People are always asking – or talking – about the difference between poetry and prose, and here is a great little thing to add to the collection. Michael Horovitz recently wrote a sort of obituary memoir in the Independent about the novelist Beryl Bainbridge, and in it he describes having asked her to write a little something about poetry for his Poetry Olympics festival and anthology ten years ago. (In it she refers to her novel According to Queeney.)
She sent him this:
“I know little about poetry, possibly because at school I was given to understand it was a separate discipline from that of prose. To this day I know by heart ‘The Slave’s Dream’, ‘The Lady of Shalott’, ‘A Highwayman came riding …’ and ‘They told me, Heraclitus, they told me you were dead …’ In my head – which, although dependent upon my heart, is further away from it – I hold bits of TS Eliot, Auden and Louis MacNeice, most especially that poem by the latter which begins, ‘The sunlight on the garden / Hardens and grows cold …’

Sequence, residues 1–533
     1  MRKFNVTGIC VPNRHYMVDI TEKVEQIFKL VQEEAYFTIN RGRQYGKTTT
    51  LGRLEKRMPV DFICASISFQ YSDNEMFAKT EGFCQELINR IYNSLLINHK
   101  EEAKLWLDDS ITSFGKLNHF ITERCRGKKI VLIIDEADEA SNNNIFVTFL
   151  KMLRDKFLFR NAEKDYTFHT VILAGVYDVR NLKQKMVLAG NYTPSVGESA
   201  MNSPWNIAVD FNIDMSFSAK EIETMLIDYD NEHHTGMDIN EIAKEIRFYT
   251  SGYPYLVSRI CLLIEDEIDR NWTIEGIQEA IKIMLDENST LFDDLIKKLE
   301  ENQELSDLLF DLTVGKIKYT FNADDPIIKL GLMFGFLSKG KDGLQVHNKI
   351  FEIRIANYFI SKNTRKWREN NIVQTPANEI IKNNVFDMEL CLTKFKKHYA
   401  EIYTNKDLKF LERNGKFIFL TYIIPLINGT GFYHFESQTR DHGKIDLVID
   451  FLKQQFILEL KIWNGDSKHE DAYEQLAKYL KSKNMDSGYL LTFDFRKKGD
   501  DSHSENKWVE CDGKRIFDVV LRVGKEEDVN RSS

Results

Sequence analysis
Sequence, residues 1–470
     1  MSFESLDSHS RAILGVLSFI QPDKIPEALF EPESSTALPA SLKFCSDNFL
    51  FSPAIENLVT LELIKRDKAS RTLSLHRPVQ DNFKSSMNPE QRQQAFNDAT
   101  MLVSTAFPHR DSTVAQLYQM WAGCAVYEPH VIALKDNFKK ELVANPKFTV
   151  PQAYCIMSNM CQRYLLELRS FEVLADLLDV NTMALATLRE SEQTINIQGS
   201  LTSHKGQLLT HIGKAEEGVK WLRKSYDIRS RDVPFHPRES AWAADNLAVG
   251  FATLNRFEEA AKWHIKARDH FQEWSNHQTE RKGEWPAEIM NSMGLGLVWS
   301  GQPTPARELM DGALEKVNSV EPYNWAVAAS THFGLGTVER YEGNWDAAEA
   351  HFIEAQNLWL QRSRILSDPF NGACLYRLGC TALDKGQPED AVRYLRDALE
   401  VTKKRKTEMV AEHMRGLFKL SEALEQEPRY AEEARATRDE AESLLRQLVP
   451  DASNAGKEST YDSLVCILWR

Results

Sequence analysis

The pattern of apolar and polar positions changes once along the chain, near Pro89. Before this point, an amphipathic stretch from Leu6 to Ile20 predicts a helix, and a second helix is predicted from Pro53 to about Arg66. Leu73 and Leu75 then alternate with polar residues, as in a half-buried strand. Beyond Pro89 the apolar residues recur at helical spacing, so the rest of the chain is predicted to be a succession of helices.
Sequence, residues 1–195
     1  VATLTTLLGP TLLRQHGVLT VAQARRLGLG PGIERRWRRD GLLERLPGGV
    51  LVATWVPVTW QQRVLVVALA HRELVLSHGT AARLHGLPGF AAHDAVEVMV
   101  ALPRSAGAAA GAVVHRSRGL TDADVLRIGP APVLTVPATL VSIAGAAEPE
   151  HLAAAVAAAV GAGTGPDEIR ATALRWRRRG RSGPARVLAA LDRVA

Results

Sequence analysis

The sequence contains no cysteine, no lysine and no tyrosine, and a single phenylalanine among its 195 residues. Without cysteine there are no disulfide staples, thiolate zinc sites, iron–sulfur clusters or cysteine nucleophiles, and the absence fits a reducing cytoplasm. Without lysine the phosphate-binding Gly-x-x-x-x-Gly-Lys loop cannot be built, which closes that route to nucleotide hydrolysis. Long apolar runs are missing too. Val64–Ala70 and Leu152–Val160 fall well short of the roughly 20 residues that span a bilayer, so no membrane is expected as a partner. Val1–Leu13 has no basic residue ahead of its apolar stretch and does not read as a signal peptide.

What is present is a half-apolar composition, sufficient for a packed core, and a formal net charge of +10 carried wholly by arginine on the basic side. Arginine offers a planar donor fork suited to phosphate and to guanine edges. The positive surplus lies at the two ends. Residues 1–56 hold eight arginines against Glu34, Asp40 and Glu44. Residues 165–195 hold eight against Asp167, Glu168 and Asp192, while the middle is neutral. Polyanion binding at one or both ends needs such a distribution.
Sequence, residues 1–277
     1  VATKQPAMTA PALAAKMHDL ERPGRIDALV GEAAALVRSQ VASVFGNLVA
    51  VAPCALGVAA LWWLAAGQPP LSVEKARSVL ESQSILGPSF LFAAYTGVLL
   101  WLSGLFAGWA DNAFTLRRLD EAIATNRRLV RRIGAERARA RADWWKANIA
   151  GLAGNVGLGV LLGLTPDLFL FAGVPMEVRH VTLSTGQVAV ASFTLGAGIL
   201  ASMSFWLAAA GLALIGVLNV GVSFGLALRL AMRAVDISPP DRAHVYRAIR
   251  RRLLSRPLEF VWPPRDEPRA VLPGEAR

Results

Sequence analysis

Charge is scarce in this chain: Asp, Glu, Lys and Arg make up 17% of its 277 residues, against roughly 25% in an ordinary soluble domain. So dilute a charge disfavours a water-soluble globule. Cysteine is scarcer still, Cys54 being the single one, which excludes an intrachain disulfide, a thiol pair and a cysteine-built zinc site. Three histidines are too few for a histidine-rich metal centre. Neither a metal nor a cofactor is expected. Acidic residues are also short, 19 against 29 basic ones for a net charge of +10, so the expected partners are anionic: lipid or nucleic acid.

“Beyond these few examples, all learnt in childhood, I remain ignorant, and yet without them I would find it difficult to write prose, for I rely on the sound and rhythm of words when endeavouring to construct a sentence. To try to achieve this I say aloud everything I intend to write down, and not until it seems to me that the ‘tum-te-tums’ of what I am reciting have the right sound, do I commit the words to paper.
“For instance, when composing a paragraph to do with a post mortem of Dr Samuel Johnson in 1784, I originally wrote – ‘Reaching Windmill Street the cart was pulled into the yard of William Hunter’s School of Anatomy. The carpet was carried to the top floor and laid on a dissecting table … In the corner of the room, a dog, half-flayed, hung from a hook in the ceiling. Grey heavens touched the skylight.’
“This was eventually changed to – ‘… Arriving in Windmill Street the cart trundled into the yard etc … In the corner of the cosy room, a dog, half-flayed, hung from a hook in the ceiling; above, the grey heavens nudged the skylight.'”